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Pfizer and Modern’s COVID vaccines may not work the same over time

Pfizer and Modern’s COVID vaccines may not work the same over time

Recent data suggest that Modern coronavirus vaccine may maintain a higher efficacy over time than Pfizers.

Why it is important: The efficacy gap can always disappear with more data, and both vaccines remain very effective against serious disease. But if the hole does not hold, it raises the question of whether the two vaccines should be treated in the same way politically.

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Drive the news: Several studies — both pre-printed and those that have been peer-reviewed — have found a difference between the efficacy of the two vaccines over time, although some experts have warned that this may be due to deficient head-to-head comparisons.

  • Studies have evaluated various measures of efficacy, but all have found that efficacy against serious illness is still relatively high.

  • “There have been kinds of signals from enough separate sources that are starting to draw a picture that may reflect a real biological phenomenon – a real difference. I’m starting to think there’s something behind it,” Natalie said Dean, an Emery professor who specializes in the design of vaccine studies.

Zoom in: In a study published last week, the CDC found that Moderna was significantly more effective against hospitalizations and emergency departments or acute treatments than the Pfizer or J&J vaccinations.

Between the lines: Pfizer was the first vaccine approved for use in the United States and began to be administered several weeks before the Moderna vaccine.

  • “Because of the way the rollouts happened, the oldest and most vulnerable and sickest people, as well as residents of nursing homes, got Pfizer,” said Cornell virologist John Moore.

  • This means that it is possible that some of the efficiency gap that appears in some studies is a result of Pfizer being administered earlier and in more vulnerable populations.

  • However, the large CDC study, which found a significant difference in vaccine efficacy, showed that Modernas were higher across all ages.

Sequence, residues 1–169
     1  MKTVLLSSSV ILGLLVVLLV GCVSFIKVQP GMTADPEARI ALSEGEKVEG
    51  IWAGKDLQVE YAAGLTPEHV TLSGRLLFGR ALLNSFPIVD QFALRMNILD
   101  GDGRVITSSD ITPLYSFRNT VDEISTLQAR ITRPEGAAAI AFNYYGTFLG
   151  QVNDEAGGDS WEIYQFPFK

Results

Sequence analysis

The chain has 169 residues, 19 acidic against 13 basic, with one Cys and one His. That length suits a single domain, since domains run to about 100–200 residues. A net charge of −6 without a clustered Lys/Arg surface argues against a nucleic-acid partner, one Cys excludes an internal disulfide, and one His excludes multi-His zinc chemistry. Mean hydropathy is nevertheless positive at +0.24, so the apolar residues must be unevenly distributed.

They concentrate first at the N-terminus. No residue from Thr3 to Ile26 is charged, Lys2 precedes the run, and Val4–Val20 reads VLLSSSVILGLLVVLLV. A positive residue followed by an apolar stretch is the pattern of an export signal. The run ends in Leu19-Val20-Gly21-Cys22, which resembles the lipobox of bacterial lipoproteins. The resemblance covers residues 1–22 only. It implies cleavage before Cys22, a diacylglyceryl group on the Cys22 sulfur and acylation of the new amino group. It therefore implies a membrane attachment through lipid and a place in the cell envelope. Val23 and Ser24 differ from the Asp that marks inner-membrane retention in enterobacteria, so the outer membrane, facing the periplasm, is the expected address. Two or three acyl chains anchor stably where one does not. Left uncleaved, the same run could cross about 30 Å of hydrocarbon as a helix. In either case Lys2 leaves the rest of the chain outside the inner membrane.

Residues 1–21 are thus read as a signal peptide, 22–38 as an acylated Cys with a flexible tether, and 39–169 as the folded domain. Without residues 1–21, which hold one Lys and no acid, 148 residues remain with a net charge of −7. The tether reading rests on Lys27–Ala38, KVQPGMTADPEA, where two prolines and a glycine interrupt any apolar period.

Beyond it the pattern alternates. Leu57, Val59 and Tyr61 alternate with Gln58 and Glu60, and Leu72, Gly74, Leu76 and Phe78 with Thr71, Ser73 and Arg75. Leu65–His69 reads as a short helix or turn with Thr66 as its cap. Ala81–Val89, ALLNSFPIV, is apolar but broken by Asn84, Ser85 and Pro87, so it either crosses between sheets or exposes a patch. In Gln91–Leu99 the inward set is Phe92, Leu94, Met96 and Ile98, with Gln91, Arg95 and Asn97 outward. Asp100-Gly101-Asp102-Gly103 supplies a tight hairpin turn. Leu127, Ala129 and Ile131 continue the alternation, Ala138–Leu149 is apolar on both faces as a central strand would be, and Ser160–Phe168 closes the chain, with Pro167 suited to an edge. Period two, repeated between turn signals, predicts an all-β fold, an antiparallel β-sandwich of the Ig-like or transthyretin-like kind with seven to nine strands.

Possible reasons for the difference include that Moderna has a much higher dosing regimen than Pfizer, and the second shot is given after a slightly longer interval.

But: Both vaccines are almost identical in their ability to “do what a vaccine should do, which is protection against serious illness,” said Paul Offit, director of the Vaccine Education Center at Children’s Hospital of Philadelphia.

Bottom line: The modern data may be more similar to Pfizer’s after more time. But it may be unwise to use one as a proxy for the other.

  • “It’s not clear that every lesson we see from Pfizer is directly translated into Moderna,” Dean said. “I think if you asked this question a few months ago when there really was [weren’t] if there are signs of a difference, people would very much like to lump them together in their minds. “

What we see: There is much more data – especially from other countries, such as Israel – on Pfizer’s declining efficiency and booster shot effect on restoring efficiency to original levels.

  • However, if these data do not apply to Moderna, regulators may not yet have much data to work with when making booster decisions – a process that is already very controversial.

  • “We will not know the real Moderna-specific data for some time now about restoring efficiency and how durable it is,” said Eric Topol, Executive Vice President of Scripps Research.

  • Topol said that to some extent there have been signs that Moderna’s efficiency is declining over time. “It can just be longer and it can be smaller,” Topol added.

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